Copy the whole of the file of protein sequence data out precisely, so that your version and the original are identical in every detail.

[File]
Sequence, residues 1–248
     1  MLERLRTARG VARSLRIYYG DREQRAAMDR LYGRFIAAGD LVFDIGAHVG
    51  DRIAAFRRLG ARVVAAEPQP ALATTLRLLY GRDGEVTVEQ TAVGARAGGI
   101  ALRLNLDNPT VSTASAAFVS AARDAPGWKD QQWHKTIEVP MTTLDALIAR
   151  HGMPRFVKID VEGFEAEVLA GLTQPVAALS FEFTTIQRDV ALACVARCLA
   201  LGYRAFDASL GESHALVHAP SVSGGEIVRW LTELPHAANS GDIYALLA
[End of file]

Sequence, residues 1–248
     1  MLERLRTARG VARSLRIYYG DREQRAAMDR LYGRFIAAGD LVFDIGAHVG
    51  DRIAAFRRLG ARVVAAEPQP ALATTLRLLY GRDGEVTVEQ TAVGARAGGI
   101  ALRLNLDNPT VSTASAAFVS AARDAPGWKD QQWHKTIEVP MTTLDALIAR
   151  HGMPRFVKID VEGFEAEVLA GLTQPVAALS FEFTTIQRDV ALACVARCLA
   201  LGYRAFDASL GESHALVHAP SVSGGEIVRW LTELPHAANS GDIYALLA